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It’s no joke: a good mood will give your career a lift

Mercedes-Benz: A white dog smiling into the camera.
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If you want to lead a team, you have to be able to laugh.

Laughing relieves stress, stimulates creative thought processes and relaxes people in conflict situations. If you want to lead a team, you have to be able to laugh.

There’s nothing haughty about Michelle Obama: she did push-ups with TV host Ellen DeGeneres, competed in a sack race in the White House, danced with Big Bird on Sesame Street, and even rapped about motivating people who are overweight to get exercising. In addition to her social projects, she is popular for precisely this self-deprecating style and her sense of humour.

Michelle Obama celebrates skills that are still rare in the professional arena yet vital to a successful career. Unfortunately, as lamented by the German Institute for Humour, a sense of humour is often set aside in the workplace. Even university graduates with exceptional grades and international work experience under their belt realise after starting work that skills like these make the difference. Their superiors often ask them if they are able to maintain a positive mood despite looming deadlines and a flood of emails to deal with. And is it not even easier to implement those all-important soft skills such as empathy or good communication with a more humorous approach to the situation? Exactly!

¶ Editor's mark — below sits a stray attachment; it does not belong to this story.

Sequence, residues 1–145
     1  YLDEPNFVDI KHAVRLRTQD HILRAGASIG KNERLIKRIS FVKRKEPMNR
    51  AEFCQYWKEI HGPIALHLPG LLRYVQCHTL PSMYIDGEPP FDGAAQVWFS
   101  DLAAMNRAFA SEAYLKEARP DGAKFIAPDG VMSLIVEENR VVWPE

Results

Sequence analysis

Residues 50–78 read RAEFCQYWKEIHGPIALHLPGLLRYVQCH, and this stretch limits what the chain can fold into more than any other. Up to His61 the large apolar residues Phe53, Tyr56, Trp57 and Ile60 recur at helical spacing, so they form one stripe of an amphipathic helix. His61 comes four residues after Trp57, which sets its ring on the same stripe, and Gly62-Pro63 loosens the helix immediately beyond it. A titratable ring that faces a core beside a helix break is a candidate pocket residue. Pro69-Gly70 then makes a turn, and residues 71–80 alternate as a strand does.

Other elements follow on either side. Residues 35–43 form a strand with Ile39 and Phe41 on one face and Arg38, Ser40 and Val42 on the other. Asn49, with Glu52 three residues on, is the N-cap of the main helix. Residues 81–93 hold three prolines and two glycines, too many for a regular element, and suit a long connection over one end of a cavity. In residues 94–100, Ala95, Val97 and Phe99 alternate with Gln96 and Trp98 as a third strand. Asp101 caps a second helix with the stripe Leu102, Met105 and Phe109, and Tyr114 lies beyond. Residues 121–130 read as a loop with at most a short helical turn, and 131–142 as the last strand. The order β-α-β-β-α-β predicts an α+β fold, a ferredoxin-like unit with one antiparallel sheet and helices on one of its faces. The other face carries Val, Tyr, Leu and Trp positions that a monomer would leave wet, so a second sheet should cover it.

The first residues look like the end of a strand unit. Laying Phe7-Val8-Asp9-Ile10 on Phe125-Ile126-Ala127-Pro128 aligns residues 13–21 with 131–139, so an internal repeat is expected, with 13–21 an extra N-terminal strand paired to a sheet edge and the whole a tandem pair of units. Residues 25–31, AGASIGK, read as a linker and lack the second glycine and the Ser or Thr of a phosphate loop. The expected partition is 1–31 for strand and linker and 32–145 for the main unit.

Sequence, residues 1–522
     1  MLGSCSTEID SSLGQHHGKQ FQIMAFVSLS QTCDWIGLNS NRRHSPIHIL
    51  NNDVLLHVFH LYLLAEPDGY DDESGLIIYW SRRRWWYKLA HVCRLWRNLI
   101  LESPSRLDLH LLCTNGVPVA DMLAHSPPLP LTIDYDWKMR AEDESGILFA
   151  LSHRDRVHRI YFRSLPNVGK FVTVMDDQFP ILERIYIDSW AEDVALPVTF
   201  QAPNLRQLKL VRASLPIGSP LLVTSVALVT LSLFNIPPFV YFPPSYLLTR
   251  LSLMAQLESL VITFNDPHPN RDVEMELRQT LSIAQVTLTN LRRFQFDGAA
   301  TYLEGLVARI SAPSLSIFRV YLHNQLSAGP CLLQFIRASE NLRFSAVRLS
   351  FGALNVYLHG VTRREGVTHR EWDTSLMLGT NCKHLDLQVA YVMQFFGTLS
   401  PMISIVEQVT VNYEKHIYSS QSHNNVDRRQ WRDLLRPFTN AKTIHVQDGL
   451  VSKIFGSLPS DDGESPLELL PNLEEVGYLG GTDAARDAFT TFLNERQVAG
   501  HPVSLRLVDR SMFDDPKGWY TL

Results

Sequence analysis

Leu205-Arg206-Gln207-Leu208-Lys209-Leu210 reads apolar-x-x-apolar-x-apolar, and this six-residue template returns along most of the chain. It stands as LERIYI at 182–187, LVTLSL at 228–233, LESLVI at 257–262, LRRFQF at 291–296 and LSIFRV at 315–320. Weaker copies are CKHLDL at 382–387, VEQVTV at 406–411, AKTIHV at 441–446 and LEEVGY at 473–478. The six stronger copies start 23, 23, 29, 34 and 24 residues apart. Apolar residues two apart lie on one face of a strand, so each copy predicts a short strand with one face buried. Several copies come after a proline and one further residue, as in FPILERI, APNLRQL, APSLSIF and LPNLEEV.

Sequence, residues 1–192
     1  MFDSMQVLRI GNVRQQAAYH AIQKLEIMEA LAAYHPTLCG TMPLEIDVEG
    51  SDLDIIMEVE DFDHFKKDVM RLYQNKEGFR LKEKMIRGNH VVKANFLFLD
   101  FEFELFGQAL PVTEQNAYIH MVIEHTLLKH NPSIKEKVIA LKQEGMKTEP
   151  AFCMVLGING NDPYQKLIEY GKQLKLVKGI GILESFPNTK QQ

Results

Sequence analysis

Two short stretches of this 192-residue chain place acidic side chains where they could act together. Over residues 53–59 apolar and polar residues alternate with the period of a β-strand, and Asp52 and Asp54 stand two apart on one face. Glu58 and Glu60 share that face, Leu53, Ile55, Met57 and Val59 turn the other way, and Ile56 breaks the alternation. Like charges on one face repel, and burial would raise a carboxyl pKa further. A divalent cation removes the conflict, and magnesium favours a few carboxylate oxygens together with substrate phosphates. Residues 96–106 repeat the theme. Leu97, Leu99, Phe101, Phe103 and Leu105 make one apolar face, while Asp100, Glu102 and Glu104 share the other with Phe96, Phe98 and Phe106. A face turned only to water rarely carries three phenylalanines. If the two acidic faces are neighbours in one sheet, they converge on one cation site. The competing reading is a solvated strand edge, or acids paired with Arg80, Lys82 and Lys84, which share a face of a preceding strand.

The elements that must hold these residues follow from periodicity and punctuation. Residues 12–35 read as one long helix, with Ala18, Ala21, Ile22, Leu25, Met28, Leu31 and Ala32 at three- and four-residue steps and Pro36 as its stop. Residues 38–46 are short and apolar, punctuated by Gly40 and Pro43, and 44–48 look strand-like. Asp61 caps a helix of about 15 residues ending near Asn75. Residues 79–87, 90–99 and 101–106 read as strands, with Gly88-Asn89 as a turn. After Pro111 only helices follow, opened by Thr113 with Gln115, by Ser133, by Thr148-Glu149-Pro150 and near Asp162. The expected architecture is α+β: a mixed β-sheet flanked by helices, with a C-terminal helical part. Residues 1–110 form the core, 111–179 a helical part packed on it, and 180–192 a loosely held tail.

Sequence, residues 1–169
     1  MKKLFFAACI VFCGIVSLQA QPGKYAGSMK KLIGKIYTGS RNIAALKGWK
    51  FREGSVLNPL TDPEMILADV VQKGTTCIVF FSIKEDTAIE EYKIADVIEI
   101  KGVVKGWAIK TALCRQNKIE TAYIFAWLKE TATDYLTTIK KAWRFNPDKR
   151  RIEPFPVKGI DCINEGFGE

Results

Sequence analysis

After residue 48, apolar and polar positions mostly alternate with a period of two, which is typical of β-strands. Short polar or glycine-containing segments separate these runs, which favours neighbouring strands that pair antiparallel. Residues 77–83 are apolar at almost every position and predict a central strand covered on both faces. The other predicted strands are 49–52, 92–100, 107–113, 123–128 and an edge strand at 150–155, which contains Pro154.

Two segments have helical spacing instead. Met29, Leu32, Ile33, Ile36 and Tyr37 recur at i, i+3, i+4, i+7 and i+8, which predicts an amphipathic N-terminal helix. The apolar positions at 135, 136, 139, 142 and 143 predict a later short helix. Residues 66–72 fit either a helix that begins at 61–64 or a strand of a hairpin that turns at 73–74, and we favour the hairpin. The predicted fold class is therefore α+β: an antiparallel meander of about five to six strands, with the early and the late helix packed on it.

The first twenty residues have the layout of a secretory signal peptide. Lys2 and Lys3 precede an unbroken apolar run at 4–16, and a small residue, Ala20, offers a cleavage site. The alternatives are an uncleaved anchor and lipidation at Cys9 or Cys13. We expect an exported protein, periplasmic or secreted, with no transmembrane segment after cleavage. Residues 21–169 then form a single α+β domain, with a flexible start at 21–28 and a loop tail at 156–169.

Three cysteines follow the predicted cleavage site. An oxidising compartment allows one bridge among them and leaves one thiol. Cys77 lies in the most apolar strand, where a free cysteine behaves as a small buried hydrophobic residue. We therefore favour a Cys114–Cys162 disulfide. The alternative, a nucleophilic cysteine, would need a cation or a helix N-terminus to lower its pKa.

Loosen those facial muscles

The importance of humour in the workplace becomes obvious when looking at studies about stress. Good humour can prevent burnout, as researchers showed in an article in the specialist publication Journal of Organizational Behavior.

The study of 179 fire fighters showed that joking around a little created distance and relaxation.

Humour acted as a buffer in what were frequently high-stress situations. The same applies in the office: the right joke at the right time helps resolve gridlock situations. It can break down entrenched views, and colleagues can laugh away their stress and open themselves to new points of view.

The Institute for Humor Research at Stanford University in California, which was founded 55 years ago, proved the incredibly positive effects of laughing on the human body. Just 20 seconds of laughter can relax the body as much as three minutes of running. When we laugh, we breathe more deeply, which increases oxygen levels in the blood. A smile relaxes our facial muscles, our brain synapses obtain new stimuli and endorphins flood the body. So, laughing not only banishes stress, it also promotes creative thinking. A humorous viewpoint opens up new perspectives and facilitates a more peaceful exchange about topics that are fraught with tension.

Mercedes-Benz: A light caramel coloured and neighing horse.

Why women are humour champions